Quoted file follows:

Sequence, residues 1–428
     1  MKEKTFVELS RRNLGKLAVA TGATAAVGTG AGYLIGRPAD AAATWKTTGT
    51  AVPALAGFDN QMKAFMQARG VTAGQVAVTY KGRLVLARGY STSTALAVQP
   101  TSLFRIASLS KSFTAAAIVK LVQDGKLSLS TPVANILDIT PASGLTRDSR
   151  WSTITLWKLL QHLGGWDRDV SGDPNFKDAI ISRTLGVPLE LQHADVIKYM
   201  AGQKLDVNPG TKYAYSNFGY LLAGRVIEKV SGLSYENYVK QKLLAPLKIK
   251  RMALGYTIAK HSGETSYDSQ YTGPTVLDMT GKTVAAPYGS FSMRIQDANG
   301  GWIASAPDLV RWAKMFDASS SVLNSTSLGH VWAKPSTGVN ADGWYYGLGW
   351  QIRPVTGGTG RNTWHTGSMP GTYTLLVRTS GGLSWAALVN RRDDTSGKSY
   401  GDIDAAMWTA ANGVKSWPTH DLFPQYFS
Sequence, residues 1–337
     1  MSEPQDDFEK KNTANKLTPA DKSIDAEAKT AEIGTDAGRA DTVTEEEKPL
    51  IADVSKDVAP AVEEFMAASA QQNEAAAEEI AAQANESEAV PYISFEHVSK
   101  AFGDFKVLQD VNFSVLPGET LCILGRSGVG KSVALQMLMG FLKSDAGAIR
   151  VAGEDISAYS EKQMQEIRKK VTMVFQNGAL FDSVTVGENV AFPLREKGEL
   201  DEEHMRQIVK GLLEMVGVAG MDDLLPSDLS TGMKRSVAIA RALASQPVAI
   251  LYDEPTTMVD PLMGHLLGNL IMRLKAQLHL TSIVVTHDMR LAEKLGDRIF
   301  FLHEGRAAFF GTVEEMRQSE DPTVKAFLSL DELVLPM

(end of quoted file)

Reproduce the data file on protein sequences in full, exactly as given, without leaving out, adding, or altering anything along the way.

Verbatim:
Sequence, residues 1–428
     1  MKEKTFVELS RRNLGKLAVA TGATAAVGTG AGYLIGRPAD AAATWKTTGT
    51  AVPALAGFDN QMKAFMQARG VTAGQVAVTY KGRLVLARGY STSTALAVQP
   101  TSLFRIASLS KSFTAAAIVK LVQDGKLSLS TPVANILDIT PASGLTRDSR
   151  WSTITLWKLL QHLGGWDRDV SGDPNFKDAI ISRTLGVPLE LQHADVIKYM
   201  AGQKLDVNPG TKYAYSNFGY LLAGRVIEKV SGLSYENYVK QKLLAPLKIK
   251  RMALGYTIAK HSGETSYDSQ YTGPTVLDMT GKTVAAPYGS FSMRIQDANG
   301  GWIASAPDLV RWAKMFDASS SVLNSTSLGH VWAKPSTGVN ADGWYYGLGW
   351  QIRPVTGGTG RNTWHTGSMP GTYTLLVRTS GGLSWAALVN RRDDTSGKSY
   401  GDIDAAMWTA ANGVKSWPTH DLFPQYFS
Sequence, residues 1–337
     1  MSEPQDDFEK KNTANKLTPA DKSIDAEAKT AEIGTDAGRA DTVTEEEKPL
    51  IADVSKDVAP AVEEFMAASA QQNEAAAEEI AAQANESEAV PYISFEHVSK
   101  AFGDFKVLQD VNFSVLPGET LCILGRSGVG KSVALQMLMG FLKSDAGAIR
   151  VAGEDISAYS EKQMQEIRKK VTMVFQNGAL FDSVTVGENV AFPLREKGEL
   201  DEEHMRQIVK GLLEMVGVAG MDDLLPSDLS TGMKRSVAIA RALASQPVAI
   251  LYDEPTTMVD PLMGHLLGNL IMRLKAQLHL TSIVVTHDMR LAEKLGDRIF
   301  FLHEGRAAFF GTVEEMRQSE DPTVKAFLSL DELVLPM